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Minerva Anestesiologica 2021 April;87(4):403-13

DOI: 10.23736/S0375-9393.20.14769-2

Copyright © 2020 EDIZIONI MINERVA MEDICA

lingua: Inglese

Effectiveness and validity of midsagittal tongue cross-sectional area and width measured by ultrasound to predict difficult airways

Zhenwei ZHENG 1, 2, Wuhua MA 3 , Ruiming DU 2

1 Department of Anesthesiology, First Clinical Medical College of Guangzhou University of Chinese Medicine, Guangzhou, China; 2 Department of Anesthesiology, Second Affiliated Hospital of Shantou University Medical College, Shantou, China; 3 Department of Anesthesiology, First Affiliated Hospital of Guangzhou University of Chinese Medicine, Guangzhou, China



BACKGROUND: Increased tongue volume measured by ultrasound has been proven to be related to difficult airways. Tongue volume is an indirect parameter and is derived from multiplying the midsagittal tongue cross-sectional area (CSA) by the tongue width. However, few studies have focused on the ability of tongue CSA and tongue width to predict difficult airways. This study aimed to investigate the predictive value of tongue CSA and tongue width for predicting difficult laryngoscopy and difficult intubation.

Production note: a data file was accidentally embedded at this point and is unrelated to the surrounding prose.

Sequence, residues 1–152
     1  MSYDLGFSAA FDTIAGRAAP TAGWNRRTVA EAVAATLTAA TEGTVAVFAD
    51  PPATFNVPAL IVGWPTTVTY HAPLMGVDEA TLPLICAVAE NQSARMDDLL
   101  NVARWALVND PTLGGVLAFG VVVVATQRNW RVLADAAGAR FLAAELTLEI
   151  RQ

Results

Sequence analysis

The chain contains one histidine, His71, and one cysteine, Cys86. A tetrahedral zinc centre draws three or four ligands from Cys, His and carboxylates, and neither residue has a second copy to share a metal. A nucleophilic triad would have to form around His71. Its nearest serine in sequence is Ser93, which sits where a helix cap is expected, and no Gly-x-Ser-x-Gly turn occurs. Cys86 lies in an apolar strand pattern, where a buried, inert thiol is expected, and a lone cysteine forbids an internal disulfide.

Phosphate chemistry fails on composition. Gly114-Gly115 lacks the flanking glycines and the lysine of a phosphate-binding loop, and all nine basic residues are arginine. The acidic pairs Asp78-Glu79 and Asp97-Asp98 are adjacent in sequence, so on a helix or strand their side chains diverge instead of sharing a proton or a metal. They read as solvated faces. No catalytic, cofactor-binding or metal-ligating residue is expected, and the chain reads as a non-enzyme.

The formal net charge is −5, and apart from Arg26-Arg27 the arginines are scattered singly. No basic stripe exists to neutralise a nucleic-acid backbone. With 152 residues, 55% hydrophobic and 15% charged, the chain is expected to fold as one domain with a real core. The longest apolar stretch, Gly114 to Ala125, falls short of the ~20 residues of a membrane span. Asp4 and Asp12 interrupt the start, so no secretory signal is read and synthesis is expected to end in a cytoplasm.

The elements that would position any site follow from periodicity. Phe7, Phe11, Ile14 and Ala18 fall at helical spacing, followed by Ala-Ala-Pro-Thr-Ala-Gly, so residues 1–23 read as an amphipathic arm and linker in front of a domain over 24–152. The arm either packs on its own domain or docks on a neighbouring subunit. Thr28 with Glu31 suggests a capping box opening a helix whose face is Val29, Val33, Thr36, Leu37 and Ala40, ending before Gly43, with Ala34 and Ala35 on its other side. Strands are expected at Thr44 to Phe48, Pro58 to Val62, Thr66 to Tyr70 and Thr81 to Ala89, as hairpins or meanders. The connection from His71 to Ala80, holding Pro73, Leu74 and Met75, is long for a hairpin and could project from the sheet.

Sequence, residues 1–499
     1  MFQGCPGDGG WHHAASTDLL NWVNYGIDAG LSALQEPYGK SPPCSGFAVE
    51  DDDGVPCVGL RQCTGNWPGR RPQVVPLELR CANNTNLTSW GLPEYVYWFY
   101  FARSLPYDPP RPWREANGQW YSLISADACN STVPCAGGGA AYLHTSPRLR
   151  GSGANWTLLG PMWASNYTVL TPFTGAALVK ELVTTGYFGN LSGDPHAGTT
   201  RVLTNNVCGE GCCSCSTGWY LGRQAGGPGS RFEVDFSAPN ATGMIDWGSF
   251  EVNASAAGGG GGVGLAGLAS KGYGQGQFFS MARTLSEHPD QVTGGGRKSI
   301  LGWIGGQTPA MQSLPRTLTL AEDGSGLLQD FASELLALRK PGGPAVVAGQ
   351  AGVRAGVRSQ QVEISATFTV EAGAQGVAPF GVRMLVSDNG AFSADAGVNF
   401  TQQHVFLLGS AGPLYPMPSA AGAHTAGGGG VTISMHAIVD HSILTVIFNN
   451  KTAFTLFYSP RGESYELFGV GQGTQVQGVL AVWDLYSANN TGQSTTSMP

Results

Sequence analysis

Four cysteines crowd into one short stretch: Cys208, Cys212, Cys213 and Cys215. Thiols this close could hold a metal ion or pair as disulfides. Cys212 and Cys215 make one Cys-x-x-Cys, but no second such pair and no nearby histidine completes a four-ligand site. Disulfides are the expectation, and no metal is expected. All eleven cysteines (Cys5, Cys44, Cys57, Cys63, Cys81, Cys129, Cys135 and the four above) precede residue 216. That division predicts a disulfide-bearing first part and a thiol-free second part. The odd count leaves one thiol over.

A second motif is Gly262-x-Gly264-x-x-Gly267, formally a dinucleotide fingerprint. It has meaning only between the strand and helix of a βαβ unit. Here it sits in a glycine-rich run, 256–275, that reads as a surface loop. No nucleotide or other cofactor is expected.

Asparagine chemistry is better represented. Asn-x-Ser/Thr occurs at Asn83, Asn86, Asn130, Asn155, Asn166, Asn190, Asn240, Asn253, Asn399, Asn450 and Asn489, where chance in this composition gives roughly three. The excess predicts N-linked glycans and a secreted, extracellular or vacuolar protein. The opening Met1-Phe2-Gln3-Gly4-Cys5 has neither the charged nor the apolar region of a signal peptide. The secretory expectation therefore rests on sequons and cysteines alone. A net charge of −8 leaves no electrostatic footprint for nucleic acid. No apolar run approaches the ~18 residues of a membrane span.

METHODS: This study included 244 adult patients who underwent general anesthesia and endotracheal intubation. Demographic variables were collected, and clinical airway assessments were performed. A curvilinear low-frequency probe was used for ultrasonography, and midsagittal tongue CSA and tongue width were measured before anesthesia. The laryngoscopic view and the difficulty of intubation was graded or scored after induction of anesthesia.
RESULTS: A total of 230 patients were analyzed. Twenty-eight (12.2%) patients experienced difficult laryngoscopy and twelve (5.2%) patients experienced difficult intubation. Midsagittal tongue CSA evaluated by ultrasonography could help identify patients with difficult laryngoscopy (sensitivity 0.71, specificity 0.60) and patients with difficult intubation (sensitivity 0.50, specificity 0.97). And tongue width could help identify patients with difficult laryngoscopy (sensitivity 0.39, specificity 0.89).
CONCLUSIONS: Ultrasonic measurement of midsagittal tongue CSA may be a valuable predictor of difficult laryngoscopy and difficult intubation. By contrast, tongue width measured by ultrasound may be a weak predictor of difficult laryngoscopy, but its predictive ability was questionable.


KEY WORDS: Airway management; Ultrasonography; Tongue; Intubation, intratracheal; Laryngoscopy

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